Not exactly sure what pandemic means? We’ll tell you. Read on as we explore the term pandemic to uncover what it means, synonyms, antonyms, and more.
What Does Pandemic Mean?
The outbreak of COVID-19 that has been sweeping over the globe since 2020 has left many folks with concerns about the spread of this contagious disease. Among those worries is one underlying question — what exactly is a pandemic?
Defined by the Centers for Disease Control and Prevention (CDC) as a disease outbreak that has spread across multiple countries and continents, a pandemic comes when a disease affects the global population. It is also defined by the World Health Organization (WHO) as the “worldwide spread of a new disease.”
What Is the Origin of the Word Pandemic?
First recorded in the 1660s, the term pandemic comes from the Latin word pandemus, which is derived from the Greek pandēmos, pan- meaning “all, every, whole, all-inclusive,” which comes from PIE pant- meaning “all,” and dēmos, referring to “people.”
The -ic part of pandemic is a word-forming element from Middle English -ike, -ick, or ique, that’s used for making adjectives.
What Are the Synonyms and Antonyms of Pandemic?
To help you better understand the meaning of pandemic, we’ve put together a list of synonyms as well as antonyms. Synonyms are words that mean the same thing as another word, whereas antonyms are words that are opposite in meaning to another.
How To Use the Term Pandemic in a Sentence
Now that you understand what pandemic means, let’s take a look at a few ways you can use the term in a sentence. Here are some example sentences:
“Now that the coronavirus disease has spread throughout the nation, people everywhere are wearing masks.”
“In the disease center, scientists are working very hard to ensure the world doesn’t see another viral pandemic.”
“The pandemic has killed millions of people in Europe.”
“To protect yourself from the current global pandemic, be sure to get the vaccine and wash your hands thoroughly with soap.”
“The public health officials developed a pandemic preparedness plan to try and prevent economic loss.”
“To boost population immunity to try and lessen the current pandemic potential, face-masks, vaccines, and social distancing are recommended precautions.”
“A plague known as Black Death spread across Asia and Europe in the middle of the 14th century and is one of the most well-known pandemics next to COVID-19.”
“Since 1817, seven cholera pandemics have been recorded.”
Notable Past Pandemics
The coronavirus outbreak isn’t the only disease to have impacted the world on a global scale. In fact, there have been many notable pandemics that have had a serious effect on society in some way, shape, or form — here are a few of them:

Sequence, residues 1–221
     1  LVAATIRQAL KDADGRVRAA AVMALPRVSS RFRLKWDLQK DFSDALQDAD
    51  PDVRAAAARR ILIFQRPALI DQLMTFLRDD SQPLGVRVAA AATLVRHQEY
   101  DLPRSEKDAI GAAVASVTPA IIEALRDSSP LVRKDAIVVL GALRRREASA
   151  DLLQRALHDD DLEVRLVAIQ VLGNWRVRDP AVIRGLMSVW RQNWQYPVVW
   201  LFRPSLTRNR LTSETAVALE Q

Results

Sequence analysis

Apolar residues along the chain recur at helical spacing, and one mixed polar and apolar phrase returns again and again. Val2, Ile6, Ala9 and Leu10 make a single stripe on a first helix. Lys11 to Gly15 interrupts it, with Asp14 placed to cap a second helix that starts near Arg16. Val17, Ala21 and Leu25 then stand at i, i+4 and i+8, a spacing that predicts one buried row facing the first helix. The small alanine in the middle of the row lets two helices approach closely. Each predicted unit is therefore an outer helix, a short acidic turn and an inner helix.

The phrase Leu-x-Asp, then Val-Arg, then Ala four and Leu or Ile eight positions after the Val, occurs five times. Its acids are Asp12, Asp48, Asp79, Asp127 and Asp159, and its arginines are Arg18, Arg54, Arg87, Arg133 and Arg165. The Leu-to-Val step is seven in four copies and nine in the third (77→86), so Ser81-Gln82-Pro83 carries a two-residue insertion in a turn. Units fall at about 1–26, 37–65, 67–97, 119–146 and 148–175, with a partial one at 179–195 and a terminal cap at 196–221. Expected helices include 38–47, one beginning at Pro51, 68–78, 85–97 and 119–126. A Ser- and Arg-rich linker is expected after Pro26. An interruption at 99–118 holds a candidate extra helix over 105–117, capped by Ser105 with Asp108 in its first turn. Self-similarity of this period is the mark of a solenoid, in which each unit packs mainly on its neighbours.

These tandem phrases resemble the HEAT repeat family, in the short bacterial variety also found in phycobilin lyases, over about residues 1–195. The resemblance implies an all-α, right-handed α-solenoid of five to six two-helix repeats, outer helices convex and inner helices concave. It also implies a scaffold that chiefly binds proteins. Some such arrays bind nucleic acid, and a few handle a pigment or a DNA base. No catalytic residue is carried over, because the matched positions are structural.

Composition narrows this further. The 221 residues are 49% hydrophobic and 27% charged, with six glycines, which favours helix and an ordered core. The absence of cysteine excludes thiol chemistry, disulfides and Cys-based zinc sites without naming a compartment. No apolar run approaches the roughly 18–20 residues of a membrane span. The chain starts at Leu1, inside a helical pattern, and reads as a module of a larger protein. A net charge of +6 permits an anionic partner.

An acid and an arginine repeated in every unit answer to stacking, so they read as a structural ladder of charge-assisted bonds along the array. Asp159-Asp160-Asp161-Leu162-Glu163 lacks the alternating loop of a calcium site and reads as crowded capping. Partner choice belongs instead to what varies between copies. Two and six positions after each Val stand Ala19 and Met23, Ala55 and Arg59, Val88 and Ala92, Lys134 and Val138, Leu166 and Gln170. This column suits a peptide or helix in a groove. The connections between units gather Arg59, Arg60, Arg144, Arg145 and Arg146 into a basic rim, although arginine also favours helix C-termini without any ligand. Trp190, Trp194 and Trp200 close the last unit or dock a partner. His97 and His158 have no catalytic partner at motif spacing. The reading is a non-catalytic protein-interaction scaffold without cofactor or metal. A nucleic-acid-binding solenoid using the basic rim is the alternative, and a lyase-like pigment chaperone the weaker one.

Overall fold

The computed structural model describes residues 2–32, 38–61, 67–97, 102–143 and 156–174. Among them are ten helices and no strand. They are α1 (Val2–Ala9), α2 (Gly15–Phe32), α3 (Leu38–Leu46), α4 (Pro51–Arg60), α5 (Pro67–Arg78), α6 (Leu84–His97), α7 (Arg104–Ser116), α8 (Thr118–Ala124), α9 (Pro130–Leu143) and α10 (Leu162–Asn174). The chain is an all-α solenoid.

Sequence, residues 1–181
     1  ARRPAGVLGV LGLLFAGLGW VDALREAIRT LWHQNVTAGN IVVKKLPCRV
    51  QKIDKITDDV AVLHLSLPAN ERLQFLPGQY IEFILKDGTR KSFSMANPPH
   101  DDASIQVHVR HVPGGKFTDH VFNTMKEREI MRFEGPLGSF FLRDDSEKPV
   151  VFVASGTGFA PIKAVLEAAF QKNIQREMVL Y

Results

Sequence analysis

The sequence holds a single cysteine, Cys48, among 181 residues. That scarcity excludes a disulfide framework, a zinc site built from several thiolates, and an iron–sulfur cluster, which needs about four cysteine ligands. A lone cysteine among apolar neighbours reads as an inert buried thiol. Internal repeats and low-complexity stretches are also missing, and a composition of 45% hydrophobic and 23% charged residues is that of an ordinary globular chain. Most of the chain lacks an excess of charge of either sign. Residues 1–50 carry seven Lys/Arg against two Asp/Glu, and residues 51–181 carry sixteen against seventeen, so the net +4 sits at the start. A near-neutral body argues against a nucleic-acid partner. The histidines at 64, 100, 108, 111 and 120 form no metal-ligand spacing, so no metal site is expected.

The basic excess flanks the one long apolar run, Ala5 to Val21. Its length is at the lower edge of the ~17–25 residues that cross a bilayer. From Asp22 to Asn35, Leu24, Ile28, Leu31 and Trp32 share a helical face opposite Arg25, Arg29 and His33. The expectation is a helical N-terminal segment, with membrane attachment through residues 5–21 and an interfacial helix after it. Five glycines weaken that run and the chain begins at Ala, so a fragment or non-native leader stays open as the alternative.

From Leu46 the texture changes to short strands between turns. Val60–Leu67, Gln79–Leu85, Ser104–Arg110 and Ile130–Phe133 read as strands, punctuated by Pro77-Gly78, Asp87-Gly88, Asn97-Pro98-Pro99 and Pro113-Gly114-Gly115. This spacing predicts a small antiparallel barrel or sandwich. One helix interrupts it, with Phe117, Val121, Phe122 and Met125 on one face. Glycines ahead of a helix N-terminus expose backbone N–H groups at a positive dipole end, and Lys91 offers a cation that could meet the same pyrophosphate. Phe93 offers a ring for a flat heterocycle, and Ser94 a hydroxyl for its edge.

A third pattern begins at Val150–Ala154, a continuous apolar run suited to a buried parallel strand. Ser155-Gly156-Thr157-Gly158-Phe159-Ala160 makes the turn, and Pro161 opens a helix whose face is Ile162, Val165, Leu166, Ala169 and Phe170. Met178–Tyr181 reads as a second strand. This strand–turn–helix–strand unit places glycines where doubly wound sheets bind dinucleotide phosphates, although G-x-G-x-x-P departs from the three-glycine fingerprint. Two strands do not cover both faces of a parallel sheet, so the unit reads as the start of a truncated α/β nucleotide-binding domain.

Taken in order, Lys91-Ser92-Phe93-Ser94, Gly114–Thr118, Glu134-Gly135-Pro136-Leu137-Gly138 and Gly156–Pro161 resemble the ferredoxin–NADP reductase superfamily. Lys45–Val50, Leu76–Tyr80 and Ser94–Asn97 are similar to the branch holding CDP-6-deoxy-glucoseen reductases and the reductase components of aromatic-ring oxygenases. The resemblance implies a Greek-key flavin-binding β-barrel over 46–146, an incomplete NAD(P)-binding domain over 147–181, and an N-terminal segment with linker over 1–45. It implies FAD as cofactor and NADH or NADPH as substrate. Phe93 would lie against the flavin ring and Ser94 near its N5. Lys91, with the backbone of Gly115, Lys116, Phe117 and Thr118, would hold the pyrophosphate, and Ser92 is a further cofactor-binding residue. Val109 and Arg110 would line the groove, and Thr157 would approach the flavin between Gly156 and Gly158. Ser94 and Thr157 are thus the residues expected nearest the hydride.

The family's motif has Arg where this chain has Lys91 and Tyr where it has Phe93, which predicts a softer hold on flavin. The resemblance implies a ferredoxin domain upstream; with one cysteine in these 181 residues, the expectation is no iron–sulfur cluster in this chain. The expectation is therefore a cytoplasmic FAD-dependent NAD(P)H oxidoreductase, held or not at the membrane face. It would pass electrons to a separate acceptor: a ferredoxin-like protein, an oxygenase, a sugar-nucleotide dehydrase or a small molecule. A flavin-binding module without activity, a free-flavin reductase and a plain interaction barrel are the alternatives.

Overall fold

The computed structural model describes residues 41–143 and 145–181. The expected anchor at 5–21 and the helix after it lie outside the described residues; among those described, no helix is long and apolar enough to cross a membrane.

- 1346-1353 The Black Death – popularly known as the “Bubonic Plague,” this horrific outbreak was caused by a bacteria called Yersinia pestis and resulted in an estimated 25 million deaths across the world in the 14 century.
- 1918-1920 Flu Pandemic (H1N1 virus) – the 1918 influenza pandemic took the lives of millions all around the world. Also called the “Spanish Flu,” this viral pandemic was caused by an H1N1 virus that spread from birds to humans.
- 1957-1958 Asian Flu – this pandemic, which was a blend of bird flu (avian flu) viruses, started in China and eventually took the lives of more than one million people.
- 2002-2003 SARS-CoV – this pandemic involved a respiratory disease known as Severe Acute Respiratory Syndrome (SARS). Spread through respiratory droplets, it lasted about 18 months before it slowly diminished.
- 2009 Swine Flu (H1N1pdm09 virus) – in 2009, the Swine Flu caused the deaths of up to 575,400 people around the world. Originating from pigs, this influenza pandemic eventually spread through human-to-human transmission.
Other Definitions That You Should Know
While often used interchangeably, pandemic and epidemic have two different meanings.
An epidemic can be defined as the spread of a disease in a region or community over a specific amount of time. They can vary based on the location of the illness, how much of the population has been exposed, and more.
A pandemic, on the other hand, is a type of epidemic that has spread over several countries or continents and affects a large percent of the population.
Here are a couple of other important definitions that are good to know:
- Endemic – this is part of a group of terms used to describe the level, or amount, of a particular disease in a community. In other words, it describes the baseline or expected level of the disease. Malaria is an example of an endemic. This life-threatening disease doesn’t come and go — it stays around.
- Outbreak – this is when an illness happens in unexpected numbers. It can last days or years and may stay in one area or extend more widely.
So, what does pandemic mean?
Simply put, a pandemic is a disease outbreak that spreads across countries or continents, affecting a large percentage of people. For example, the WHO declared COVID-19 to be a pandemic when it became clear that the illness was severe and spreading quickly over a wide area.
While stopping a pandemic in its tracks is often easier said than done, there are many things we can do to try and slow the spread, such as getting vaccinated, practicing social distancing, and wearing a mask. Be sure to cover your mouth when you cough or sneeze and get tested if you’re not feeling well.